02 December 2007

Centralization or Decentralization

When thinking about domestic change, there appears to be an appetite for full-press, universal cures for big issues. From both the right and the left, to different degrees on different topics, there is pressure to adopt one or another slam-dunk cure, most of which require federal intervention in some way or another.

Given the nature of the union that is the United States and the wide ranging attitudes – sometimes found in pockets of strong opinion – across the land, it seems that the slam-dunk cure, the universal solution is exactly the wrong way to solve complex social issues.

For instance, as the 2008 presidential campaign drones on, the issue of abortion bobs above the surface from time to time. As might be expected, those on the far edges of both the right and left have drastically different views concerning abortion. Yet instead of allowing for wide variation of law between the states, Roe v. Wade has essentially set a standard from which the idea of “freedom of choice” has come into being with regard to “abortion rights.”

But when a more appropriate approach is suggested by Republicans, specifically repealing Roe v. Wade, right-to-lifers cry out that it would be capitulation. Any solution other than banning most, or all, abortion is anathema to them, it seems. However, as some have rightly pointed out, allowing states to implement their own abortion laws would more accurately reflect the character of those states and would probably result in more stringent rule regarding abortion.

All of the people can’t be pleased all of the time. Indeed, when the whole of the US population is taken into account (making it the “all”), it can never be completely pleased. So on complex social issues, like abortion, education, etc, the “all” should be leveled down so as to comprise a smaller group. This would make something like a consensus on issues more achievable. And what is more, if folks end up not liking the local rules regarding sensitive issues, they could move to a place where they would feel more at ease, more in step with the community. Now that would be a closer approximation of true personal freedom.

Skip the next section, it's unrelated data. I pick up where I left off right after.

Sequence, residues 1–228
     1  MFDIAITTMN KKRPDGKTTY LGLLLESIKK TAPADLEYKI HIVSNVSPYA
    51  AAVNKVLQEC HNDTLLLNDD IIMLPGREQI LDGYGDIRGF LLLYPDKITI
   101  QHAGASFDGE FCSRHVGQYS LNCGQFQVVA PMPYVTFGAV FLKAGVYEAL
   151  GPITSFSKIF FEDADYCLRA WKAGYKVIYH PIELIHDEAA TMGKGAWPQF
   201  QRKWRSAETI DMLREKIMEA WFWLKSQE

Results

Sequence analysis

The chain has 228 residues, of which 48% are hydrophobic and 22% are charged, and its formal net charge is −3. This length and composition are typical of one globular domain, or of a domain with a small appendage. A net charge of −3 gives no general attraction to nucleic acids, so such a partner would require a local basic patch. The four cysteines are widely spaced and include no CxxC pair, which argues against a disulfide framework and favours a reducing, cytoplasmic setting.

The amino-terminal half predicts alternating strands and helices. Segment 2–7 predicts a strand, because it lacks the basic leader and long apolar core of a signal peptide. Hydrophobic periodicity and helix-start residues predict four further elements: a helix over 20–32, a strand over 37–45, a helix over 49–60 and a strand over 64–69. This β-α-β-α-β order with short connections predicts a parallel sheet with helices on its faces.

Instead of local level governance, what we’re most likely to see as time goes on is more centralizing of well-meaning social programs. These social programs are and will continue to be “franchises” of federal bureaucracy set up ostensibly to help the public. In reality, they are bastions of centralized power that grow over time and, in general, end up serving most those within the apparatus itself.

1 comment:

Jack N said...

The tendency for federal centralization is the antithesis of the Federalism/States Rights envisioned/originated by the Founding Fathers.

Back to Federalism!!
Down with socialism!!